Is health care a right? Gawande argues it's time to find common ground

Speaking with people from his hometown of Athens, Ohio, Atul Gawande in the New Yorker explores the divisive emotions and politics surrounding the question of whether health care should be a right—and spotlights a possibility for common ground.

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According to Gawande, "The United States remains the only developed country in the world unable to come to agreement" on whether health care should be a right. In Athens, Gawande writes, where the range of health insurance among community members varies widely, that debate is contextualized amid ongoing efforts to repeal and replace the Affordable Care Act.

For instance, one couple in the town, Maria and Joe Dutton, said while people should be able to access health care, they also should be responsible for at least part of the cost. "A right makes no distinction between the deserving and the undeserving, and that felt perverse to Maria and Joe," Gawande writes. "They both told me about people they know who don't work and yet get Medicaid coverage with no premiums, no deductibles, no co-pays, no costs at all—coverage that the Duttons couldn't dream of." On the flipside, however, Gawande spoke with Tim Williams, a childhood friend who viewed health care as one of the "necessit[ies] of human existence," and therefore one of the "essential function[s] of government."

An 'unbridgeable' divide? Maybe not, Gawande writes

The divide between the Duttons' and Williams' perspectives seemed "unbridgeable," Gawande writes, but "the concerns that came with each viewpoint were understandable, and [Gawande] wondered if there were places where those concerns might come together."  

For instance, according to Gawande, nearly everyone with whom he spoke voiced support for Medicare because of its perceived reciprocity. Summarizing the responses he heard, Gawande writes, "From the moment we earn an income, we all contribute to Medicare, and, in return, when we reach sixty-five we can all count on it, regardless of our circumstances. There is genuine reciprocity. You don't know whether you'll need more health care than you pay for or less."

According to Gawande, "Understanding this [perspective] seems key to breaking the current political impasse." He explains, "The deal we each get on health care has a profound impact on our lives—on our savings, on our well-being, on our life expectancy," but "in the American health care system ... different people get astonishingly different deals."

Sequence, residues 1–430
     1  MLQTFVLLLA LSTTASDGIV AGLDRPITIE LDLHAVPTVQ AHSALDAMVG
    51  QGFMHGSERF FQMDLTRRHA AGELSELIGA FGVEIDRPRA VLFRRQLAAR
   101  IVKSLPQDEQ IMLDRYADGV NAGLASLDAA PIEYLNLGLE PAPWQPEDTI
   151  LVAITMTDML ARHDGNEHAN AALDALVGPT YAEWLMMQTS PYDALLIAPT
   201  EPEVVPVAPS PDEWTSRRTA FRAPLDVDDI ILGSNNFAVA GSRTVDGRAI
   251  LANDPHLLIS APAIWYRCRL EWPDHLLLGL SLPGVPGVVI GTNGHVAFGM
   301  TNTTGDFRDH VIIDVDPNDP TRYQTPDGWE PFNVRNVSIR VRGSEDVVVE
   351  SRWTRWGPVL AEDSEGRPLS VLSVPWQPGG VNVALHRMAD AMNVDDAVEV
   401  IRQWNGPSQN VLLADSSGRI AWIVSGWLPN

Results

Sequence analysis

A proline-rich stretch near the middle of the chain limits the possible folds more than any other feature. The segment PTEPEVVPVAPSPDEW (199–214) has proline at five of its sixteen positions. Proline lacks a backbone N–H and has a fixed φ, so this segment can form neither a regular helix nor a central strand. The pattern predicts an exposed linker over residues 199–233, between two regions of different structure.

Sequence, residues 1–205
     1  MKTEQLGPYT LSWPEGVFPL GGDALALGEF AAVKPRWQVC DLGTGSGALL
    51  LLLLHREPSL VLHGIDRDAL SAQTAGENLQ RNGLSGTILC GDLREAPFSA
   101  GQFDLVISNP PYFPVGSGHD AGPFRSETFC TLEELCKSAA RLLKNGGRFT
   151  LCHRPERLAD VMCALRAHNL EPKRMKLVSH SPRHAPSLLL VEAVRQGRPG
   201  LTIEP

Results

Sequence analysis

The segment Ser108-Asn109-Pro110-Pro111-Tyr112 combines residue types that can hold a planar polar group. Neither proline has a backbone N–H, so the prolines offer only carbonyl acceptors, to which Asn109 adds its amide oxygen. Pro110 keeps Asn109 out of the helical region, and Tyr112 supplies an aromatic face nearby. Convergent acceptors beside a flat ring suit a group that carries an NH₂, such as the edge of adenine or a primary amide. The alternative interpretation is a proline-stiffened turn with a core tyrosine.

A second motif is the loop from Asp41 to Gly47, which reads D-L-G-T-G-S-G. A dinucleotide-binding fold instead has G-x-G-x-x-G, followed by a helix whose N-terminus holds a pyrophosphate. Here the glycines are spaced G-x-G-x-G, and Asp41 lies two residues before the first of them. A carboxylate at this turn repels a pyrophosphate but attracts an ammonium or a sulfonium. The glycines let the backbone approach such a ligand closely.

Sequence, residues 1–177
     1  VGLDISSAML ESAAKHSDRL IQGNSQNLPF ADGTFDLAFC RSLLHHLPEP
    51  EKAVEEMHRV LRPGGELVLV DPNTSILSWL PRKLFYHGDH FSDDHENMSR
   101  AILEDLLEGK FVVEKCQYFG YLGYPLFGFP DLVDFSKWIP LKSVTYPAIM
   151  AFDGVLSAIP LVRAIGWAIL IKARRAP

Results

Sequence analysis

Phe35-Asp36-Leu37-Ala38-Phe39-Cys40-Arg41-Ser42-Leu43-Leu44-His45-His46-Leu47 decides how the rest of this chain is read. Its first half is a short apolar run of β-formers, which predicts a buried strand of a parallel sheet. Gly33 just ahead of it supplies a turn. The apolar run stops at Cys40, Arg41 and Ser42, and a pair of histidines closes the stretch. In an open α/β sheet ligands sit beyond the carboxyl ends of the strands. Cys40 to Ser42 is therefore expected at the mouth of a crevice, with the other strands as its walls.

A 'seemingly innocuous decision,' and its unexpected ramifications

Gawande writes that the disparity stems from "a seemingly innocuous decision made during the Second World War," when the Roosevelt administration permitted employers and unions to increase their health insurance benefits—and made those benefits tax exempt—to attract employees. "It didn't seem a big thing," Gawande writes. "But, ever since, we've been trying to figure out how to cover the vast portion of the country that doesn't have employer-provided health insurance: low-wage workers, children, retirees, the unemployed, small-business owners, the self-employed, the disabled. We've had to stitch together different rules and systems for each of these categories, and the result is an unholy, expensive mess that leaves millions unprotected."

Since then, the political debate over health care has seemed to focus less on the underlying system and more on "what the rules should be" for each person's place in the system. But according to Gawande, accepting that system, "and its dismal conception of life as a zero-sum proposition," is a mistake. "It gives up on the more encompassing possibilities of shared belonging, mutual loyalty, and collective gains."

Despite challenges, there's a way forward

According to Gawande, "Few want the [health care] system we have, but many fear losing what we've got." However, while we "disagree profoundly" about what type of health care system to implement, we broadly agree "that the rules should apply to everyone."

Nonetheless, "we've yet to put this moral principle into practice," Gawande writes.

Drawing comparisons with the ACA, Gawande cites the Vaccine Act of 1813, the "country's first health care entitlement for the general population" which eased access to vaccines that might otherwise be out of reach because of cost. However, after an error in the program resulted in a fatal outbreak of smallpox, Congress in 1821 opted to repeal rather than repair the program—and "it was eighty years before Congress again acted to insure safe, effective supplies of smallpox vaccine."

According to Gawande, "The repeal of the Vaccine Act of 1813 represented a basic failure of government to deliver on its duty to protect the life and liberty of all." But Congress' actions later, to reinstate vaccine supplies, perhaps reflects a path forward on the health care debate, Gawande continues. Citing the increase in support for government-backed universal coverage following the ACA's enactment, Gawande concludes, "The fact that public vaccination programs eventually became ubiquitous (even if it took generations) might tell us something about the ultimate direction of our history—the direction in which we are still slowly, fitfully creeping" (Gawande, The New Yorker, 11/2).

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